Furthermore, the high level of information received by individuals regularly provides them with ample possibilities to develop their knowledge in certain spheres, increase their educational level but this creates another problem, which may cause a new polarization of society. What is meant here is the fact that each individual is unique and people have different abilities to acquire new information and knowledge. The latter is crucial for an individual in the information society, where the knowledge, or to put it more precisely the individual’s ability to produce new knowledge or use it effectively, help people to occupy a higher social position. As a result the people who have a chance to receive better education, who have larger access to information are in the privileged position compared to those who lack such possibilities.
Consequently, it is obvious that those people, who currently receive better education and thus they have better opportunities to use their knowledge effectively, producing some kind of intellectual products like software, for instance. These people could form the future elite of the information society. In stark contrast, those people who are currently deprived of a possibility to receive higher education, for instance, would be deprived in the future to use the knowledge and information they receive effectively. As a result, they would be deprived by the new ruling elite which, even having equal access to the same information and knowledge as the rest of the society, would use them effectively and create some new products, for instance, while other members of the society would be simply unable to create something new on the basis of these information and knowledge. In other words, there is a potential threat of the division of the future information society on producers and consumers of knowledge or information and the gap between these two large classes would only widen and, to a certain extent, it would be “natural process because of the difference between individual intellectual abilities” (Berger and Luckmann 2001:392) but the situation may be improved basically through improvement of the current education system that involve possibly larger categories of people. Otherwise the possibility to receive better education independently in the future due to the development of new technologies, such as artificial intelligence, would not be realised effectively.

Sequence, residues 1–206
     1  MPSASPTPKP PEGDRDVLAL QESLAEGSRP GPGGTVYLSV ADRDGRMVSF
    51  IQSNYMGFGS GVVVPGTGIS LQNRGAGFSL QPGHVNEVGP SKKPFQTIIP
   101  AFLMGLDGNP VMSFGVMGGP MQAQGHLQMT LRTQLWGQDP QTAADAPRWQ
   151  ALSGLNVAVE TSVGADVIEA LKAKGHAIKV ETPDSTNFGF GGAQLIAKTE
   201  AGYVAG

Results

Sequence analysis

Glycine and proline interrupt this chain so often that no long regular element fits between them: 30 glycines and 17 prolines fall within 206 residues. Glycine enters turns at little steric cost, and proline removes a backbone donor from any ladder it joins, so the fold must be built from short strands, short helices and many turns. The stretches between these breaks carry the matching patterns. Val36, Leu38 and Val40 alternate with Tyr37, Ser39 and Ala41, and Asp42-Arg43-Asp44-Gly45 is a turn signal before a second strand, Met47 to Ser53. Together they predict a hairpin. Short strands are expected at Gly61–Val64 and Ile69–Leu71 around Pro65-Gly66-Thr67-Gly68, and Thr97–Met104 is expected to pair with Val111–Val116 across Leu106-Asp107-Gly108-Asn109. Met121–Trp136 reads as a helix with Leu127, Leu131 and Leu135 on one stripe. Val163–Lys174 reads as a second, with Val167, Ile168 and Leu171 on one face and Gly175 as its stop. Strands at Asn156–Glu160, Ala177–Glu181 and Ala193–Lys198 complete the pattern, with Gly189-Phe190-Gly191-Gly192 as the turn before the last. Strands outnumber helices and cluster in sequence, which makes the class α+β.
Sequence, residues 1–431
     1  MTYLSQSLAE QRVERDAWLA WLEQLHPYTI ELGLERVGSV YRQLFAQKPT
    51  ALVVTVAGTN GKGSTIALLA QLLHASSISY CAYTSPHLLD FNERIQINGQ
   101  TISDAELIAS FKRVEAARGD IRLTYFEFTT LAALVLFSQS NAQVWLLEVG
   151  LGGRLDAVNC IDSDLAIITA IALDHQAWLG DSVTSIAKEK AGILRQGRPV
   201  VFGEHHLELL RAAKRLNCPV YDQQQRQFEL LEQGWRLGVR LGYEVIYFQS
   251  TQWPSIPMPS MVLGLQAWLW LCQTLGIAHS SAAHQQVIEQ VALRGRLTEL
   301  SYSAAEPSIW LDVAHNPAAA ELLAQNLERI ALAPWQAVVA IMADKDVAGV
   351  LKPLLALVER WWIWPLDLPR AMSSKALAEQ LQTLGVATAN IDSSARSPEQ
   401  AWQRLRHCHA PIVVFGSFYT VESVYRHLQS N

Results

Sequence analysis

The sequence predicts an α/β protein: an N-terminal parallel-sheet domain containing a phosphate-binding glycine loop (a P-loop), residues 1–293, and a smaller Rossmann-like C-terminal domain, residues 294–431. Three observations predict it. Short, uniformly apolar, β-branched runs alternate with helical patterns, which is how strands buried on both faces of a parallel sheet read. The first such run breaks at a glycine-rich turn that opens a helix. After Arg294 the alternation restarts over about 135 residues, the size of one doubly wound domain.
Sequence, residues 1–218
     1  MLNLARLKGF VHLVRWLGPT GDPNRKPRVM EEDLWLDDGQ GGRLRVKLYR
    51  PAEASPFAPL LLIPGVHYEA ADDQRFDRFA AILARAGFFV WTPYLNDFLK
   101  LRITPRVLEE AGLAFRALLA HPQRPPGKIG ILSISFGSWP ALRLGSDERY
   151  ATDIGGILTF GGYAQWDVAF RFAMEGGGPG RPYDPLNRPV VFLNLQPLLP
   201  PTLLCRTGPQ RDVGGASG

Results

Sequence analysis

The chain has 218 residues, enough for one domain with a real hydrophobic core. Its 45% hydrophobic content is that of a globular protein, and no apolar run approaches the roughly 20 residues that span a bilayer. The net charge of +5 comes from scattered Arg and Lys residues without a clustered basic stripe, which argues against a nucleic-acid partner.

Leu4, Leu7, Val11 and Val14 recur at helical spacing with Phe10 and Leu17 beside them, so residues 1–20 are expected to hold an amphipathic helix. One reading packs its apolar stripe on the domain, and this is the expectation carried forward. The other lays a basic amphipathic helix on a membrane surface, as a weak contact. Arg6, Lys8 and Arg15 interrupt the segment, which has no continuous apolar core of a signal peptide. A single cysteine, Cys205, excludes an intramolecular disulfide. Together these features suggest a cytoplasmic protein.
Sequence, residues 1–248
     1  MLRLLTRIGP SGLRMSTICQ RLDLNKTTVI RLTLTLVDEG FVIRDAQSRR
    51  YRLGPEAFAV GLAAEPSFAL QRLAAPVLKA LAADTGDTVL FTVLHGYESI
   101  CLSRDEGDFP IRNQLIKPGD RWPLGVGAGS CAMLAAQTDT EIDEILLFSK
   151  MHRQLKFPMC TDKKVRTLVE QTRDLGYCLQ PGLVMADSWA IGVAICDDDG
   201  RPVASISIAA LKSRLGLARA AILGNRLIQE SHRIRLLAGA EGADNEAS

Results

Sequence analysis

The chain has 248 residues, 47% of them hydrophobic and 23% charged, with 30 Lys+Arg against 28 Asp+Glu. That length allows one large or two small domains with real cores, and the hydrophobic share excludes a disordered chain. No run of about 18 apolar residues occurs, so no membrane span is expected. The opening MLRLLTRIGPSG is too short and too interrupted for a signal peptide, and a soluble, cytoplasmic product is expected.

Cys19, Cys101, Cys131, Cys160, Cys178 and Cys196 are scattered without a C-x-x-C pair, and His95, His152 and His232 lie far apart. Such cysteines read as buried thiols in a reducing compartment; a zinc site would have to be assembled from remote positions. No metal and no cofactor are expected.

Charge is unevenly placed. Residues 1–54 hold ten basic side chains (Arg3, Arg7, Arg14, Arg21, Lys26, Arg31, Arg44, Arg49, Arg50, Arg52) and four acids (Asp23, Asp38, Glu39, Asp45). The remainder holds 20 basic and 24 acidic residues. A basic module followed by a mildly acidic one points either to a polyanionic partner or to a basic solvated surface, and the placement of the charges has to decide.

Potentially, there are a number of other threats, such as the development of totalitarian states because of the use of new technologies and communication systems by the government, which would make the personal information about individuals accessible to the government or state services. Also, the development of new technologies and communication threatens by economic crises that may be the result of wider implementation of computers and robots in production processes depriving masses of people to be employed, etc. All these possible problems should be solved as soon as possible.
In conclusion, it is possible to say that the development of new technologies and communication is unstoppable but this development should be regulated wisely in order to prevent possible social, economic and political problems mentioned above. This can be done only through the thorough analysis of the possible consequences of such a rapid development of new technologies and public control over their implementation in the national and even international scale. On the other hand, it does not mean that new technologies should not be developed. In contrast, they should but it is necessary to use them effectively, exploiting their possible effects and minimizing their negative consequences. Anyway, the progress cannot be stopped but it can be properly directed and accompanied by structural changes not only in technologies but also in the whole society and all spheres of life.
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3. Dolan, Therese. Inventing Reality. Peterborough: Broadview Press, 1996.
4. Ellerman, Evelyn. Mass Communication in Canada. Toronto: McClelland and Stewart, 2003.
5. Mitchell, Peter, R. and Schoeffel John. Understanding Power: The Indispensable Chomsky. New York: Routledge, 2002.
6. Ritzel, George. The McDonaldization of Society: An Investigation into the Changing Character of Contemporary Social Life. New York: Touchstone, 2004.